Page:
By Kate Jackman-Atkinson, Neepawa Banner & Press
Small businesses are the backbone of most rural communities, but maybe more important than the businesses a community currently has is the ones it will have in the future. Will there be more or fewer? As another class of graduates leaves school behind, how many of them plan to run their own businesses? How many have even thought about it?
Chances are, most grads will end up working for a small business, that is, one with less than 100 employees. As of December 2017, 97.9 percent of Canada’s 1.18 million businesses were classified as “small.” These businesses employed 8.3 million Canadians, providing jobs to 69.7 percent of the total private labour force. They were also responsible for 67.5 percent of the net employment growth, creating 640,000 new jobs. In rural communities, where there are very few large, private sector employers, the importance of small businesses is especially pronounced. Looking at rural communities, small businesses drive our local economies, providing the goods and services upon which we rely. Not only that, they provide vital jobs.
The painful truth is that if we want to see our communities not just survive, but grow, we need more entrepreneurs. Small businesses face a number of challenges, which is why less than half of them survive 10 years. Business closures are the result of a number of factors, from a lack of profitability to changing interests of the owners. It’s crucial that every year, new businesses keep opening and someone is there to take over ownership when business owners want to retire or pursue other interests.
Youth need to be encouraged to see entrepreneurship as a viable option. In some industries, it’s more prevalent than others. For example, skilled tradespeople and professionals have a strong connection with entrepreneurship, as many people who enter these careers will run their own business, whether or not they have other employees. The rise of tech companies has also helped to popularize entrepreneurship as a desirable and celebrated career path.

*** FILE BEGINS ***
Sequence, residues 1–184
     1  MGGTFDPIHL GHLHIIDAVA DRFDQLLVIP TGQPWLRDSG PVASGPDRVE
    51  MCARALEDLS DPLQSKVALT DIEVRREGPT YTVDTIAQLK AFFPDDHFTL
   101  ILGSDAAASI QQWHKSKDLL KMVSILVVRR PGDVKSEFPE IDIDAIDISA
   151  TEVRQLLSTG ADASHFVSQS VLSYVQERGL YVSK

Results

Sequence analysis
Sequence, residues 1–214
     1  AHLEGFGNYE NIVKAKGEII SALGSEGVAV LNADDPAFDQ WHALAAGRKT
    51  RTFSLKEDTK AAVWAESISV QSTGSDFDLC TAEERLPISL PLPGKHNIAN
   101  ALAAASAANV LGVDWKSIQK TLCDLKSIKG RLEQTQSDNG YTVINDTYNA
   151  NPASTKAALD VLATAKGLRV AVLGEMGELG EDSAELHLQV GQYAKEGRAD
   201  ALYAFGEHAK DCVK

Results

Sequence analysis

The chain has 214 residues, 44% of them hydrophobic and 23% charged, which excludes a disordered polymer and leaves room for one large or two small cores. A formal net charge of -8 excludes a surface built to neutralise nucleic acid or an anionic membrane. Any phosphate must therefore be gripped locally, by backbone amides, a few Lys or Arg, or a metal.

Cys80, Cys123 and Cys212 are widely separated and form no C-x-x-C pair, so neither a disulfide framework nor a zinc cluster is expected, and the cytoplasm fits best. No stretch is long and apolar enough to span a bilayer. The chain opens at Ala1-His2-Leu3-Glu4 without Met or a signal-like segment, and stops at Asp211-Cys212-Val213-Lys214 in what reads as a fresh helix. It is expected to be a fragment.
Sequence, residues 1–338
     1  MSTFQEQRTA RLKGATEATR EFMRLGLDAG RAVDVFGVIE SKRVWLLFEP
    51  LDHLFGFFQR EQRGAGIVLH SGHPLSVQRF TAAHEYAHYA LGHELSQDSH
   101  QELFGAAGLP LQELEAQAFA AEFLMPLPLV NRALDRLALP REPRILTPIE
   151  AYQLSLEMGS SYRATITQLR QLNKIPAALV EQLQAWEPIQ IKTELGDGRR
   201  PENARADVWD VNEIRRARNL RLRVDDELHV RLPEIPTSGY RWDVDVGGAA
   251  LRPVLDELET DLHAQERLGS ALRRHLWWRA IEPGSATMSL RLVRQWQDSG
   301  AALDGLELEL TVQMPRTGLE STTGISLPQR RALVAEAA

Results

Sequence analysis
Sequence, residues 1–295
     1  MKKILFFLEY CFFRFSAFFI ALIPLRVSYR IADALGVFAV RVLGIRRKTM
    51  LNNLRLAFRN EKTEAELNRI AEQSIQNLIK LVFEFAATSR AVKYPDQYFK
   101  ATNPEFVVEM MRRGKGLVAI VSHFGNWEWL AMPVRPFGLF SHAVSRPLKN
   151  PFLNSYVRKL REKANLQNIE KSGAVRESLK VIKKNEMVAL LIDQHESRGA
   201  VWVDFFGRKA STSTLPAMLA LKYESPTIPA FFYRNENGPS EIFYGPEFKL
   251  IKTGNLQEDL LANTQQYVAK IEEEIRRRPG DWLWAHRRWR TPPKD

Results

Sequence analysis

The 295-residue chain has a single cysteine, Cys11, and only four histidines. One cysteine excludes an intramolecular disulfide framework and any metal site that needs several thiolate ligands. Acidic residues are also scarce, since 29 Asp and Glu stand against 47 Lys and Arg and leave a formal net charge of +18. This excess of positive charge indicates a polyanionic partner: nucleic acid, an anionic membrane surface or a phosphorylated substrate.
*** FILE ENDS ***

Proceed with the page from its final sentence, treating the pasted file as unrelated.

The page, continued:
Over the next decade, it’s estimated that about $1.5 trillion worth of business assets will change hands in Canada. According to data from 2014, about half of both small and medium-sized business owners were between 50 and 64 years of age and another 12 to 14 percent are over 65 years of age. Given the demographics, it’s easy to see why 72 percent of Canadian business owners plan to exit their companies in the next decade. We’re approaching a critical juncture, as baby boomer business owners look to retire, who will take over their businesses? Or open new ones that will continue to provides services rural residents need and want? This will be especially pronounced in rural communities.
I’m encouraged, it seems like lately, we’ve reported on a few more stories about people in their 20s and 30s taking over businesses or starting new ones. This is a good start.
We don’t need the Class of 2019 to jump right into small business ownership, in fact, it’s probably best if they spend some time developing their skills and interests. What we do need is every young person to believe that they could become an entrepreneur and to think about it as a viable career path, among many. As this year’s grads head off to the workforce, higher education or travel, I hope we as communities have planted the idea that their dreams can grow here. Running a business is no easy task, but this is an issue of vital importance to any rural residents who want to see their communities continue into the future.